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You Call This a Recession? Author:David Wyss Date:03/25/14 Click:

Standard & Poor’s has revised its recession risk forecast to 60% from 50%, despite the new stimulus package and the quicker Fed rate cut. We now expect the Fed to cut rates to 2.5% by the spring.

The data on the economy continue to point downward, but not consistently and not drastically. Our interpretation is that we are at the beginning of a mild recession, which looks, on the underlying fundamentals, to be similar to the 1991 to 1992 downturn.

The weakness in housing is spreading into commercial construction and business equipment spending. The signs of a consumer slowdown are less clear, but the evidence suggests consumers are being squeezed by falling home prices and high gasoline costs.

The freeze in financial markets, however, is showing signs of easing.

The London Interbank Offered Rate (LIBOR) dropped back down to 3.3%, below the 3.5% federal funds rate. LIBOR remains high relative to the three-month Treasury bill rate, with a spread of 93 basis points, but that is half what it was three months ago. Moreover, much of the cause is that the T-bill rate is low relative to federal funds, as the flight to quality has cut government bond yields.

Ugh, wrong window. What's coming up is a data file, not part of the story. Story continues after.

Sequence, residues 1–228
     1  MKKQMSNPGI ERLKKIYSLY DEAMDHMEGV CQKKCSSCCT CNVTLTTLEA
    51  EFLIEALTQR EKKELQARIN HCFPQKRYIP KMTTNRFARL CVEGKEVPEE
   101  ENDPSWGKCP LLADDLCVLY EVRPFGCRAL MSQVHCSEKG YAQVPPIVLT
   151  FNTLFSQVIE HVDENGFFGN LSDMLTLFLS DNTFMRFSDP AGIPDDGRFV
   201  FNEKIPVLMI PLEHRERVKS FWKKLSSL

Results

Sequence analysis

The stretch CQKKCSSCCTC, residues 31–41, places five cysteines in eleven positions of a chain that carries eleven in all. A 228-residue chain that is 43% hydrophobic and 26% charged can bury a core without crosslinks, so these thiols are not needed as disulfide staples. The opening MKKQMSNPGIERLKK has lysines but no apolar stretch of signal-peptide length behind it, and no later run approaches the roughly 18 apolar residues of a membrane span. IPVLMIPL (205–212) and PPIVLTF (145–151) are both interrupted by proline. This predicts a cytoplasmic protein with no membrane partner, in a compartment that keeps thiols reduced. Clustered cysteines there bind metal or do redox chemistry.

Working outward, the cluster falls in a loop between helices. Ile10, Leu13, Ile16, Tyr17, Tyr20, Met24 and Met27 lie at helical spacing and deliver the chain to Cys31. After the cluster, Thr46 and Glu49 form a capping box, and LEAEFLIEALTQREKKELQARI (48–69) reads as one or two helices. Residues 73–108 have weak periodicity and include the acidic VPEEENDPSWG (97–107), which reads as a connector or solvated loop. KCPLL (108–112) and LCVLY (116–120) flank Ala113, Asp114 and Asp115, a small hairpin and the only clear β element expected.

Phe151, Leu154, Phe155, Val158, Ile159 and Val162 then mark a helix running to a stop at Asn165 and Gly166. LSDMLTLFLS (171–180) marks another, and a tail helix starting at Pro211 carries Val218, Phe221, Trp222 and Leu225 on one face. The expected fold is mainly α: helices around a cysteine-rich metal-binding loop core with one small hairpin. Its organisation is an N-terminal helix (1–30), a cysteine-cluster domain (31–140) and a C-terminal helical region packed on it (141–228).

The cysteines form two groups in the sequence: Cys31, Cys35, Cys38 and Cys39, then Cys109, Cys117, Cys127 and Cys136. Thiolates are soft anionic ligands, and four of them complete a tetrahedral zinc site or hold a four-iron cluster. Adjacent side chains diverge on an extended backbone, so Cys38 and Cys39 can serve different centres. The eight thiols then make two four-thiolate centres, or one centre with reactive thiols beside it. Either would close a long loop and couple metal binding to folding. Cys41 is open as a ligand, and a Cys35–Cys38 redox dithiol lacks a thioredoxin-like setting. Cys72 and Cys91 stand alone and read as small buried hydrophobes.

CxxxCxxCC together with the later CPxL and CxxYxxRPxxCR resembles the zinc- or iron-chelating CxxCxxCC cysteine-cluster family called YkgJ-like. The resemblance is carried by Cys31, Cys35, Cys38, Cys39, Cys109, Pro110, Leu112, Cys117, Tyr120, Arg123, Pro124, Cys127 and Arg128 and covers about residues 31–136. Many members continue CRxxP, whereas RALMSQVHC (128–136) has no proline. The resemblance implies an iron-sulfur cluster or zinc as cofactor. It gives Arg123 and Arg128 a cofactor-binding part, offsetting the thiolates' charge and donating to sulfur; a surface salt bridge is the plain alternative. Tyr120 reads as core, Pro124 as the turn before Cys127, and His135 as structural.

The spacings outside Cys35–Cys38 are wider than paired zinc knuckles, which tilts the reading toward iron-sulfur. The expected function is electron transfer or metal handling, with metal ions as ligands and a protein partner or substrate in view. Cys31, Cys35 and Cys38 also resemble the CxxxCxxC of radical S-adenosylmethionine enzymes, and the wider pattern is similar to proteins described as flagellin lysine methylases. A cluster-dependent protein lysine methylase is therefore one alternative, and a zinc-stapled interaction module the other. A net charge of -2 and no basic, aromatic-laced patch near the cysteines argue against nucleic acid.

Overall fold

Quality spreads remain high, with speculative-grade corporate bonds trading 660 basis points above equivalent Treasuries. Again, this is in part due to the low Treasury yields, with the 10-year at 3.7%. But the cost of funds to all but the highest-rated borrowers remains far above where it was in the middle of last year.

Mortgage rates have dropped down to the lowest level since 2004, with the 30-year conventional rate at 5.7%. But this only applies if the borrower qualifies for a conventional loan. Jumbo mortgages, even for prime borrowers, are running a percentage point above conventional mortgages, compared with a normal spread of about 25 basis points. The stimulus package contains some help for the jumbo market.

Besides capital spending, the major offset to last year’s housing weakness was the improvement in the trade deficit. With Europe and Japan showing weaker growth, exports are likely to slow in 2008. However, the dollar remains weak, and we expect the deficit to continue to narrow — just not as much as in 2007.

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